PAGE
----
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Nursery Newsletter September 2020

Reading Letter October 2020

Important Information 

 

We ask you to remember not to send children to nursery in their best clothes as they do get messy exploring paint and being in the outside environment doing various activities (– such as the mud kitchen and gardening) – these are messy activities and although children wear aprons they spill things and wipe their hands on their clothes. If your child comes home looking dirtier than you sent them to nursery it is usually a good sign that they have been learning loads, exploring and being curious and creative!

 

 

Look at this for engagement and curiosity. 

 

 

One of the most important skills for your child to learn is to develop their independence. We can support this in many ways e.g: encouraging them to put their own coat on, getting dressed, putting on shoes etc. These things do require patience because of course it is always quicker if we do these things for them. Putting them in easy clothes to take off and put on again – such as tracksuit bottoms and nothing with fiddly fastenings. This builds up children’s confidence even when it is encouraging them to just have a go themselves. Shoes and socks are really difficult but it is good for them to practice. 

 

Reading: children bring home a book every week to share with you. This is your opportunity to spend some quality time with your child sharing our lovely books. The children keep this book for a week and then on their allocated book changing day we will ask them questions about the books they have shared to see what they can remember and then they will get the opportunity to choose a new one.  Please check their allocated book changing day. Please share this with them. Children love books. They are great for developing language, asking and answering questions and developing imagination. You can always make up stories from the pictures or read the books in your own language. Looking at books is also another way to introduce children to different letter sounds and help them to become familiar with the written word. You could look out for letter sounds that are in your child’s name.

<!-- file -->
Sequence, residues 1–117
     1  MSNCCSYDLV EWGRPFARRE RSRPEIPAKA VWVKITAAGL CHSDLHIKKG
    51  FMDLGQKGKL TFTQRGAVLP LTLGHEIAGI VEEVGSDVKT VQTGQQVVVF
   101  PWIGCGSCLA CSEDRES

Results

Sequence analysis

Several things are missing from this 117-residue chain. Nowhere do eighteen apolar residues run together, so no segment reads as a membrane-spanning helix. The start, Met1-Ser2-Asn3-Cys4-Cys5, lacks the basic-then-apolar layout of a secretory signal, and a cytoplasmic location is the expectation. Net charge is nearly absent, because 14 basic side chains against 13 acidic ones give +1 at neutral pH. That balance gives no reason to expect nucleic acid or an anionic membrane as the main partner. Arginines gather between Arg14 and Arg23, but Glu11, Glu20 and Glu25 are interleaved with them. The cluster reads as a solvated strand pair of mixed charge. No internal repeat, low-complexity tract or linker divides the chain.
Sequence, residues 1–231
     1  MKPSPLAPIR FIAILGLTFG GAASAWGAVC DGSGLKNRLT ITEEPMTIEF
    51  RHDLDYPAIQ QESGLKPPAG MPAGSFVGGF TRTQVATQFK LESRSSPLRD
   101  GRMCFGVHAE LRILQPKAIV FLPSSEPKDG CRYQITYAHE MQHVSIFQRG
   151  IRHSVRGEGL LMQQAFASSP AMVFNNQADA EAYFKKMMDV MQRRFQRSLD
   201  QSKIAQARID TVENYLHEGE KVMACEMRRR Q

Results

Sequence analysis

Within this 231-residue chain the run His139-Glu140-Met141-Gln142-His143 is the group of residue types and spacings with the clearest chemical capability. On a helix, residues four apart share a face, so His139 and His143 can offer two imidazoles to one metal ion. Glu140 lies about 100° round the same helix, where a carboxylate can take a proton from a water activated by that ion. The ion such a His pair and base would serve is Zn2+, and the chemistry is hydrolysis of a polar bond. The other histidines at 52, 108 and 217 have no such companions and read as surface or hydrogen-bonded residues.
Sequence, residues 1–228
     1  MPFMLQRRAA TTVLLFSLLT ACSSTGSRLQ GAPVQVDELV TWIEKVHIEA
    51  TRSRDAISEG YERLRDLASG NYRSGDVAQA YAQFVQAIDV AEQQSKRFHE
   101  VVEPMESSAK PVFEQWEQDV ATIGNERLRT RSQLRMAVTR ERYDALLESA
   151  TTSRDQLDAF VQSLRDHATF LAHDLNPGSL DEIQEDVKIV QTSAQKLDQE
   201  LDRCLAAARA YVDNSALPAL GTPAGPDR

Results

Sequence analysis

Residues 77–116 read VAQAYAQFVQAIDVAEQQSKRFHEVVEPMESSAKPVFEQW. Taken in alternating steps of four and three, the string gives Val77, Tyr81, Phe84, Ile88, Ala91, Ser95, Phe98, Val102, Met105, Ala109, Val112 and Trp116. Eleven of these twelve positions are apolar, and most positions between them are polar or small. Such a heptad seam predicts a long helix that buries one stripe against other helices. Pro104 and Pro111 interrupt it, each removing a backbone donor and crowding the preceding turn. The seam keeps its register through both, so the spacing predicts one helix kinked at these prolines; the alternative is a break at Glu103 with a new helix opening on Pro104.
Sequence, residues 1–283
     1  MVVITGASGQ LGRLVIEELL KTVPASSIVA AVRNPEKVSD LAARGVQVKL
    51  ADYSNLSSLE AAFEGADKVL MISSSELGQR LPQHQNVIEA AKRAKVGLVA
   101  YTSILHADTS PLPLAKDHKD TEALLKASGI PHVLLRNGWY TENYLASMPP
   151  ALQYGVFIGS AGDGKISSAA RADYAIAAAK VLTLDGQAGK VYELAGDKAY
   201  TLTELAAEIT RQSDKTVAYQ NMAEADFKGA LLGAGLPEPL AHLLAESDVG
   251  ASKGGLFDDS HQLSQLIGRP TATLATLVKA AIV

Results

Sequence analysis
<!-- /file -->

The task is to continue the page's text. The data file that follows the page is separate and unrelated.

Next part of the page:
Counting is also a good skill to practice at home or when you are out and about – it might make a quick walk take a bit longer but it’s amazing how many numbers we can find all around us: on road signs, front doors, number plates on cars – even if you are just pointing them out or looking for the number that is your child’s age – 2, 3 or 4 – this will all build up their number skills. Quite often we can forget how much children are taking in in a conversation or when they are looking around and about, or how curious they might be. And this is all vital to building up their knowledge and skills and finding out more about the world around them.

 

 

Writing – children in nursery are always exploring different ways of mark making. Helping children to learn to write their names is a good place to start. Always start with a capital letter and then the rest of the name is lower case letters. Please don’t teach your child to write their whole name in capitals – although it might seem easier it is wrong and very demoralising for your child as then then have to learn to write their name again. Let them have opportunities to write too – it might be in their own made up writing, but if you ask them afterwards what they have written they will usually tell you and this means their writing has meaning. Doing activities at home like writing, cooking etc all help to build up muscle strength in your child's hands. Also things like threading beads, manipulating jigsaw puzzles, pegboards, practising writing, finger painting etc. 

            

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